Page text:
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Hydro Service Interruptions in Cottage Country

Published on October 31, 2012 by Sweet Marie

Hydro Service Interruptions in Cottage Country

Do you ever get that automated call from Hydro One in Ontario Cottage Country about a planned power outage?  What is a planned power outage?  What is it for and what does it do?
Well, for starters, unlike storm and climatic events that cause damage to the hydro system within your area, and are random, planned outages are scheduled, well in advance.  They are controlled measures that the Hydro Company takes to perform:

  • System Upgrades
  • Changing over Meters to newer technology
  • Repairs to current technology
  • Adding more connections
  • Protecting workers during assignments

 If your cottage is like ours, it essentially powered and heated by one source:  hydro electricity.  The idea is that in a perfect world these power outages are scheduled well in advance and are a necessary evil to enhance our power grids and make them more efficient.

 A rare challenge when you have or host a cottage rentals is the misfortunes of having a power outage occur while it is occupied.  There is not much you can do for acts of God or random accidental outages due to fallen trees or blown transformers etc… those are part of the lifestyle in remote areas of Ontario Cottage Country.  But there are measures you can take to add some added conveniences should an outage be scheduled, or a random outage happen, while your cottage rental is occupied.

  1. Flashlights.  Have some in accessible locations within the dwelling, and I always keep one in my car, just in case.  Make sure you check them a couple of times of year and always have some extra batteries in the freezer just in case.
  2. Candles and matches stored in a sealed Ziploc are always a good idea.
  3. Propane BBQ’s are usually found at most cottage rentals.  If you are looking to upgrade to a newer model, consider one with an extra side burner, just in case you need the element.
  4. If you have a wood stove, it’s always a good idea to have some extra wood available as a secondary heating source.
  5. If you have one at a reasonable price, and are open to the idea, some cottage owners have opted for a backup generator in areas that have more frequent service interruptions, especially in winter.  Some are propane and some are gas powered.
  6. Solar and Wind energy are other sources of energy that are both economical and eco-friendly, but note that there are some start up costs that may need some planning before you get started.
  7. A battery operated radio, like a flash light can be very helpful.  And again, check the batteries and have extra in the freezer.
  8. Back up supplies such as water if your plumbing relies on hydro—-smart plan.
  9. If the outage is scheduled, plan a trip out during the time you do not have hydro, especially in the winter season.  You just never know what might happen and you may need to void out any water in your pipes to prevent some freezing pipes.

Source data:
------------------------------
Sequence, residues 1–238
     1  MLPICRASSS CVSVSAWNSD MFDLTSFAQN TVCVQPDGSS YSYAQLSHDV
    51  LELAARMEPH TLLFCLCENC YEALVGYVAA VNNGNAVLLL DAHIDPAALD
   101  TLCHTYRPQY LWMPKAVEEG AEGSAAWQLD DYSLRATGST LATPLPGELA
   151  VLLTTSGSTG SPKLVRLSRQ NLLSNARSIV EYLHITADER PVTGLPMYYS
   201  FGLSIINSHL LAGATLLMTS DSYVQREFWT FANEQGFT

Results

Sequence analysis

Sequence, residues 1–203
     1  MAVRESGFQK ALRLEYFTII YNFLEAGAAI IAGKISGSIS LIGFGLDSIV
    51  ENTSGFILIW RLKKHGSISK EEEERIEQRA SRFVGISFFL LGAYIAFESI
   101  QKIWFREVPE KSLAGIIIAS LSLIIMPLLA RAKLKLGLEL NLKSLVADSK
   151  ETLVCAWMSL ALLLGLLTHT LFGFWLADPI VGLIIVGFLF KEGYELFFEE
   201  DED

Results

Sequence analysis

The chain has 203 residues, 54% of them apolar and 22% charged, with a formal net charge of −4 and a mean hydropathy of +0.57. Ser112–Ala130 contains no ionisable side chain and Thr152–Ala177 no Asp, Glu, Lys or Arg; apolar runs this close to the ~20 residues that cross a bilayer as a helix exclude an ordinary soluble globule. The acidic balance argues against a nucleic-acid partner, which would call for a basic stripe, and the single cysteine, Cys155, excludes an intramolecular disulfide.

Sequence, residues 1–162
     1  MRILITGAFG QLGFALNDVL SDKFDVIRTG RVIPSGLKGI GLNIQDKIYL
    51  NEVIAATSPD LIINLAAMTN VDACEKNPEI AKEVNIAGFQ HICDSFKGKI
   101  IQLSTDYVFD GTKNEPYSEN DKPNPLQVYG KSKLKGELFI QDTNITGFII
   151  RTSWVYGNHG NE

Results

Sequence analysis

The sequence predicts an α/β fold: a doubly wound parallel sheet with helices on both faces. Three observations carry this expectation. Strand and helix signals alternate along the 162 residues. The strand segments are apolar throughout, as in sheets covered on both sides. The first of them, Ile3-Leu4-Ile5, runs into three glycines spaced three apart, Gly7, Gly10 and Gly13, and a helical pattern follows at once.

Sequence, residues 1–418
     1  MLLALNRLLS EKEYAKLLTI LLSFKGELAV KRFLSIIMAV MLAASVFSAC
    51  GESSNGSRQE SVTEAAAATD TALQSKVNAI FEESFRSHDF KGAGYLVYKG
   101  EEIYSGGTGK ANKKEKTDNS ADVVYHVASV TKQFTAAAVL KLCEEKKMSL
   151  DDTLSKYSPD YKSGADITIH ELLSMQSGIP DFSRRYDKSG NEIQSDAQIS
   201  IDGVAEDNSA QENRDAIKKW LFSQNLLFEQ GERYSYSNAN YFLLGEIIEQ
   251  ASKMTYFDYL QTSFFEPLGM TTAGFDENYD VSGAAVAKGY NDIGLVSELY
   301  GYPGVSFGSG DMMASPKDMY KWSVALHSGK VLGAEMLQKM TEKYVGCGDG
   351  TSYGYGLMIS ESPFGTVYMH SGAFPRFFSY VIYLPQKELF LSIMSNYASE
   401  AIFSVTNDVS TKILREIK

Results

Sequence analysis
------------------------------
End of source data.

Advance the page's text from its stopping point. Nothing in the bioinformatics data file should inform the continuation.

10. Confirm the duration with the hydro company as to how long the outage will be, weather it is scheduled or accidental. There is always an 800 number available with an emergency service line in the remote areas. Someone will be available to answer all your questions.
  11. It’s always good to document the time and duration the outage occurred if it is accidental.
  12. If the outage is scheduled, it might be best not to rent it out that weekend. Most scheduled outages happen on the weekend. Be wise not to inconvenience your guests

Be smart and safe, plan ahead and always have a backup plan when the lights go out!


2 thoughts on “Hydro Service Interruptions in Cottage Country

  • Pingback: Cottage Rentals Blog – CottageMe Top 10 cottages (by inquiries)

  • on November 11, 2012

    Add to that the fact that the main power company is Hydro One.I rmeember working in tech support a few years back. We were a third-party call centre (as most are), located in Ontario but serving large American companies who figured they were saving money contracting us out.While working on an ISP contract, I would field several calls during power outages – people wanting to know if we knew when it would be back on so they could get online again. What’s amazing is that even though there was no electricity, some of these people didn’t understand why it was they couldn’t use the computer (guess they forgot about the plug in the back).Customer: “My computer’s not working.”Me: “Well, sir, what exactly do you see when you turn it on.”Cust: “Nothing. Damn thing won’t turn on.”Me: “Hmmm … let me check … oh, I see. The grid shows the power is out in your area … do you have any electricity in the house right now?”Cust: “No. But the computer still isn’t working.”Me [eyes rolled, trying not to laugh]: “Well, sir, it should work just fine as soon as the hydro comes back on.”Cust: “Hydra? What’s hydra?”At which point I correct myself, say electricity, end the call, and roll around the floor in fits of laughter. Those were the days …


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